In the town of Bethulia there was a young widow named Judith whose husband, Manasseh, had died earlier during the barley harvest of heat stroke. Manasseh had left her well provided for. She was not only financially well off, but beautiful in appearance. No one spoke ill of her, for she feared God with great devotion.
When Judith heard what had been said by the elders of Bethulia she asked to meet with them. She said, “Men of Bethulia, what you have said is not right! You have sworn an oath and promised to surrender the town if God does not help us within so many days. If you cannot understand the workings of the human mind, how can you possibly understand the mind of God? You cannot put God to the test.”
Judith then suggested that she and the leaders should serve as an example to the people. She suggested that in spite of everything which they had said they should thank God and keep in mind what God had done to their ancestors, like Abraham and Jacob. How He had put them to the test and then delivered them.
King Uzziah said that everything Judith said was true and that she had shown her wisdom many times before. He explained why he made the oath and said, “Since you are a God fearing woman, pray for us, so that the Lord may send us rain to fill our cisterns.”
Judith said, “Stand at the city gates tonight so that I may go out with my maid; and in the days after which you have promised to surrender the town to our enemies, the Lord will deliver Israel by my hand. Only, do not try to find out what I am doing; for I will not tell you until I have finished what I am about to do.” She then returned home and prayed to God that He might give the Assyrians into her hands.
After praying to God, Judith bathed herself, anointed herself with precious oils, put on the festive garments she wore for her husband, put sandals on her feet, and made herself look very beautiful. When King Uzziah and the elders saw her at the town gate dressed as she was they were astonished by her appearance and said, “May the God of our ancestors grant you favor and fulfill your plans, so that the people of Israel may glory and Jerusalem be exalted.”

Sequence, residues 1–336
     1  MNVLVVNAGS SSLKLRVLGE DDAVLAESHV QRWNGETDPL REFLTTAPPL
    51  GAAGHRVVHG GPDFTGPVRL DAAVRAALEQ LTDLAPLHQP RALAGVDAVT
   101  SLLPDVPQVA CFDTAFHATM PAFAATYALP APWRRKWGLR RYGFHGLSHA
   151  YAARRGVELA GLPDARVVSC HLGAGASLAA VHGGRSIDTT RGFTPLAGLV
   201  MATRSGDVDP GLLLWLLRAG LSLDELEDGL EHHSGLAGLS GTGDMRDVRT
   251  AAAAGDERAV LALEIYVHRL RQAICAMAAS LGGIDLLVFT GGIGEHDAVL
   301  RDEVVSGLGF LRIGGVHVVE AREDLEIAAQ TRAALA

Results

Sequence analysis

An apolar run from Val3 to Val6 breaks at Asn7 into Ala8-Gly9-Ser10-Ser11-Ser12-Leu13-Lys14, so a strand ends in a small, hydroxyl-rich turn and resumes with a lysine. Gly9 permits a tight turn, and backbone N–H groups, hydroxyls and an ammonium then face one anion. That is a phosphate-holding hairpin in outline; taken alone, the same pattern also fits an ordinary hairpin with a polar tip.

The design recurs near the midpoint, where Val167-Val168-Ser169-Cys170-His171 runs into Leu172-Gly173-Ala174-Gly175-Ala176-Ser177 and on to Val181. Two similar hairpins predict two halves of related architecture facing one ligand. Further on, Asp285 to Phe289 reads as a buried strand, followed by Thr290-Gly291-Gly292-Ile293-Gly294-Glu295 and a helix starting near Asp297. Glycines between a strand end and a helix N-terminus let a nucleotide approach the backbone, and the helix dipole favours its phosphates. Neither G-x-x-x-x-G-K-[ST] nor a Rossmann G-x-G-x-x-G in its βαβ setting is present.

They opened the town gates and kept watch over Judith and her maid until they could no longer see them. As the women were going along through the valley, an Assyrian patrol met up with them and took them into custody. They asked her to what people did she belong? Where was she coming from and where was she going? Judith told them that she was a Hebrew from Bethulia, but that she was fleeing because they were planning to hand the town over to the Assyrians.
When the men heard what she had said and saw how beautiful she was they said that she had done the right thing by coming down to see their lord. They took her to the tent of Holofernes. They told her not to go in fear because he would not hurt her once she told him what she had said to them.
They sent one hundred men to escort Judith and her maid to Holofernes. The men came out from their tents to see her. They admired her beauty and judged the people of Bethulia based upon her appearance. They wondered how anyone could despise such a place which has women such as these.
The men brought Judith to the tent of Holofernes. When she came into his presence, he marveled at her appearance. She prostrated herself before him, but his slaves raised her up. He said, “Take courage, woman, for I have never hurt anyone who chose to serve Nebuchadnezzar, king of all the earth.” He told her that no one would hurt her. Judith praised him for his wisdom and skill and his leadership as a warrior.